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Everything You Need to Know About Tournament Bass Fishing

Everything You Need to Know About Tournament Bass Fishing

One of the best ways to see how your fishing skills stack up against others is through tournament bass fishing. It’s a great way to mix the fun of fishing with your competitive side while trying to win money and gain some bragging rights among friends.

Tournament bass fishing isn’t brand new, but it is as popular as ever, with many different ways to get involved.

The History of Tournament Bass Fishing

Fishing derbies and other competitions have been around for ages, but the modern era of tournament bass fishing can be traced back to the late 1960s with the first-ever Bassmaster event in 1967 on Beaver Lake, Arkansas.

Since then, tournament fishing has continued to grow with local events all across North America. There are now countless organizations, large and small, that host tournaments with various formats starting at the local level and advancing to top-level professional events that can be seen online and on television.

Tournament Fishing Parameters

In the most basic form, whoever catches the most weight wins the event. Generally, most tournaments include a set limit of five fish and anglers vie to upgrade their catch through the process of culling. Once an angler has five fish, they release their smallest bass with each bigger bass caught.

The fish are weighed and the standings are based on weight caught during the event. Some tournaments are one day and others are longer, but the total weight is still the deciding factor. There are also separate prizes for the biggest bass of the day.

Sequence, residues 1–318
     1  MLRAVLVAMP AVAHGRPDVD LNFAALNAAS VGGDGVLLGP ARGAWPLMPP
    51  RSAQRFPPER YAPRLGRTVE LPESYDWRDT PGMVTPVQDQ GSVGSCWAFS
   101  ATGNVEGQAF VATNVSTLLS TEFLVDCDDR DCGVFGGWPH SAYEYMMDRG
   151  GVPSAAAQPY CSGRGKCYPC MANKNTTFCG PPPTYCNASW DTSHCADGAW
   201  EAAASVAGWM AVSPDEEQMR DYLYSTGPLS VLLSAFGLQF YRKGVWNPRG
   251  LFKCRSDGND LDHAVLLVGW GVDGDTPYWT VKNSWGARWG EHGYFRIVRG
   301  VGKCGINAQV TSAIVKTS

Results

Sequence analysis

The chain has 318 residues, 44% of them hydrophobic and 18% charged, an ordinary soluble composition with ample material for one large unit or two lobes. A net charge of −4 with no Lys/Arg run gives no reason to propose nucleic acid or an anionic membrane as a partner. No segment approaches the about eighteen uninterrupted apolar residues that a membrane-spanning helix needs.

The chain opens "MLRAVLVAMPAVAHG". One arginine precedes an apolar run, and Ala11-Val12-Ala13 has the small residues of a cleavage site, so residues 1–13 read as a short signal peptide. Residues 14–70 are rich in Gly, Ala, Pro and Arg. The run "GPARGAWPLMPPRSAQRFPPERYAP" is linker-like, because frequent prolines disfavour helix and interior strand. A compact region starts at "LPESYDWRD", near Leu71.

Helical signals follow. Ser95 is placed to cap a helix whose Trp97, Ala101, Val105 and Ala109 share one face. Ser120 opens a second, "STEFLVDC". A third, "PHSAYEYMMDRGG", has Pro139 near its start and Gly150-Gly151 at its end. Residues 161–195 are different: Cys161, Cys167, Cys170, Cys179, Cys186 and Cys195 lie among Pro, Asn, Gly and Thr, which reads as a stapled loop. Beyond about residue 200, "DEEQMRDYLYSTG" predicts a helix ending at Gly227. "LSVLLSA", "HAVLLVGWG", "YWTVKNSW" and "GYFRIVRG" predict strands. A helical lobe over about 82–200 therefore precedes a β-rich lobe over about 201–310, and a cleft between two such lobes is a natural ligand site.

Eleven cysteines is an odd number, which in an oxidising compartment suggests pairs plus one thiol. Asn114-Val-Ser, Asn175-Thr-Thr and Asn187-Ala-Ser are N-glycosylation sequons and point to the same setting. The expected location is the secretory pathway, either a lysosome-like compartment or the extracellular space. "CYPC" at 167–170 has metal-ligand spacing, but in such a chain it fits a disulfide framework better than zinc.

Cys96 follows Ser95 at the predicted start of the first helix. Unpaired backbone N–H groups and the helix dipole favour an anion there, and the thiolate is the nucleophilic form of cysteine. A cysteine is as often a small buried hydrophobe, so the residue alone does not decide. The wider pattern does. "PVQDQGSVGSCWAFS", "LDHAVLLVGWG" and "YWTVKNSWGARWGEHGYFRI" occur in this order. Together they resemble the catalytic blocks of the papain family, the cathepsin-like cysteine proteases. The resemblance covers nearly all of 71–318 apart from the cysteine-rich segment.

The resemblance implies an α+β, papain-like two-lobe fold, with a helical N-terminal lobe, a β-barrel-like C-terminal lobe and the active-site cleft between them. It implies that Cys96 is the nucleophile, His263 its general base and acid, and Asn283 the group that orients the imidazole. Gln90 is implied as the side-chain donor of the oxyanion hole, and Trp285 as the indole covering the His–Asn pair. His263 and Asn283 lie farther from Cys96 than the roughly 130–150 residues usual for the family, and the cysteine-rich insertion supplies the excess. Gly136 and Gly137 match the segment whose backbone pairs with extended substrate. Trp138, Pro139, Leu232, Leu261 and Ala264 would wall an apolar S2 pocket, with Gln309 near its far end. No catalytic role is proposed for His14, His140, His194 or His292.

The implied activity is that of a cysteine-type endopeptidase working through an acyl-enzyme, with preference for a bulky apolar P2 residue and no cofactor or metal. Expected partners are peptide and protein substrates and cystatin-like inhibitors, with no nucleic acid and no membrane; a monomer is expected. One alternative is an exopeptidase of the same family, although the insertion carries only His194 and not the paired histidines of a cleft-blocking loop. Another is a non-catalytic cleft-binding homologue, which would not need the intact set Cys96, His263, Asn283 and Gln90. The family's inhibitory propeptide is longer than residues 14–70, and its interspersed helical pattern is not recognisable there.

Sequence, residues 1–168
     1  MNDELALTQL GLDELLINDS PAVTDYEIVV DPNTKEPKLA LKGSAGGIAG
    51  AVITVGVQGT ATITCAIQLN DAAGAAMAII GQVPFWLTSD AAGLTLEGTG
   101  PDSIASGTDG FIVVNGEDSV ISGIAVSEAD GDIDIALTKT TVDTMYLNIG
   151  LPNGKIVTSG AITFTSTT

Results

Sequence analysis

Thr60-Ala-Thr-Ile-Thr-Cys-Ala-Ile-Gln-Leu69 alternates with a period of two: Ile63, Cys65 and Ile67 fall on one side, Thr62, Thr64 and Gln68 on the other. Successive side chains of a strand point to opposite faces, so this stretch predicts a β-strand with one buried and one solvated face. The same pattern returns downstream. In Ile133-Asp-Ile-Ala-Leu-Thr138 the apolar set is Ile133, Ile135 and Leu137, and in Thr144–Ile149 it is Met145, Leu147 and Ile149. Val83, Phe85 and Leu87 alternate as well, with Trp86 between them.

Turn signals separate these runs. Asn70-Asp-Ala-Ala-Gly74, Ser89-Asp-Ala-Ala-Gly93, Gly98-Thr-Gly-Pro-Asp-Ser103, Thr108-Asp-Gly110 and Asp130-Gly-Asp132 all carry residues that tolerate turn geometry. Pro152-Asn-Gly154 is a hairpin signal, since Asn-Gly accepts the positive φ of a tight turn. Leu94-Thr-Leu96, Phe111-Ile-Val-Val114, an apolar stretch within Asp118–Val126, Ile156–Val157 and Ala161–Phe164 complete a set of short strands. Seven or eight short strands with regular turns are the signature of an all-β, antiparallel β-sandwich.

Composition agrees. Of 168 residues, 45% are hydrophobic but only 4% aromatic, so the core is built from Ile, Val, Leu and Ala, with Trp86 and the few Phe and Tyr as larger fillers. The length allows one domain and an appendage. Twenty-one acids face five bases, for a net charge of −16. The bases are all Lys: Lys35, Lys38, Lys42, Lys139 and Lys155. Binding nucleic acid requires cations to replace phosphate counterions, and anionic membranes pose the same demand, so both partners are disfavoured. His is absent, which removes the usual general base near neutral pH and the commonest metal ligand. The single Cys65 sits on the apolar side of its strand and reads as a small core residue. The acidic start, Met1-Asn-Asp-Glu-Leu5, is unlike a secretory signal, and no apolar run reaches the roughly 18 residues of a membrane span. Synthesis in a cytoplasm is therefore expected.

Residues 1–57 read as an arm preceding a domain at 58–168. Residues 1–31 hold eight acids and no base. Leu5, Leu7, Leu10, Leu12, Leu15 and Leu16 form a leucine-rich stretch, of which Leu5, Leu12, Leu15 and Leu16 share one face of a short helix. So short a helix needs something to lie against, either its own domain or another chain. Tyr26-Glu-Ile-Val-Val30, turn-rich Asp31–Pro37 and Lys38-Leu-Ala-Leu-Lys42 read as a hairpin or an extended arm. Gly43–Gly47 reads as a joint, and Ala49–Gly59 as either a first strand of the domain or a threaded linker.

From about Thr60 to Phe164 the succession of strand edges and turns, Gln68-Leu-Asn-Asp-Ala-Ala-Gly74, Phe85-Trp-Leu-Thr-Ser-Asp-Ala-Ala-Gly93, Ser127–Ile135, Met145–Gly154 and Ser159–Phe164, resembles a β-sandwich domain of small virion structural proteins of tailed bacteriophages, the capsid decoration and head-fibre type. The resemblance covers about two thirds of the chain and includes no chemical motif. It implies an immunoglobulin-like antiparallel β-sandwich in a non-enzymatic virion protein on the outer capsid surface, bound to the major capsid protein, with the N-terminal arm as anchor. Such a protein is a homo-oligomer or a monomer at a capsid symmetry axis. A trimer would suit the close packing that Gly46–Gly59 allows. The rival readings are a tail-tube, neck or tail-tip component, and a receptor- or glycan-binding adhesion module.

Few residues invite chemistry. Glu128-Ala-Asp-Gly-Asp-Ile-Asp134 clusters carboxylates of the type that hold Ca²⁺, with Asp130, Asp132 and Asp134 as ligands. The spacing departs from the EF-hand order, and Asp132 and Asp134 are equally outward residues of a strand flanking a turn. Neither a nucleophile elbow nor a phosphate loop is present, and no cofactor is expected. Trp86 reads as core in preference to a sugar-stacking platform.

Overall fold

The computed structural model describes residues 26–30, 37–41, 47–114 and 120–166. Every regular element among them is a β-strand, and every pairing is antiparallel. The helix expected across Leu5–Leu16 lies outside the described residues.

The exceptions to the five fish limit are tournaments with an every-catch-counts format popularized by Major League Fishing, as well as kayak tournaments that measure fish by inches instead of weighing them.

Local and Regional Tournaments

One of the easiest ways to get involved with tournament bass fishing is to join a local bass club. Most cities have at least one club and they offer members the chance to fish locally, meet new friends, and get involved at a lower cost.

High school and college fishing are two more avenues that have exploded in popularity in recent years. These events offer young anglers the chance to fish against their peers and gain valuable tournament fishing experience.

Other popular local events are team tournaments where two anglers share the boat and compete against other teams. Many team events are stand-alone “open” events, but there are also dedicated circuits where anglers fish during the season, trying to qualify for championship events at the end of the season with bigger prizes.

In addition to the options mentioned above, anglers looking to move to the regional level can enter events as either a boater or co-angler at regional events. The boaters compete against other boaters, while co-anglers (also called non-boaters) fish from the back of the boat and compete against others in the same division.

Some tournaments utilizing this format are the Phoenix Bass Fishing League, Toyota Series, and Bassmaster Opens. Each of them offers anglers the chance to advance to the next level if they succeed in their division.

A Summary of Professional Bass Fishing

Pro angler Josh Douglas weighing in his catch at a Bassmaster Open event.

At the highest level, there are multiple different circuits for professional anglers. This includes the Major League Fishing Bass Pro Tour, Bassmaster Elite Series, Tackle Warehouse Pro Circuit, and the National Professional Fishing League.

Each of the varying professional trails has its own way to qualify, but it all starts at the local level. Anglers find success close to home and then move up the ranks to be eligible for bigger and more prestigious events with higher entry fees and the potential for larger payouts.

Updated July 16th, 2021 at 5:22 AM CT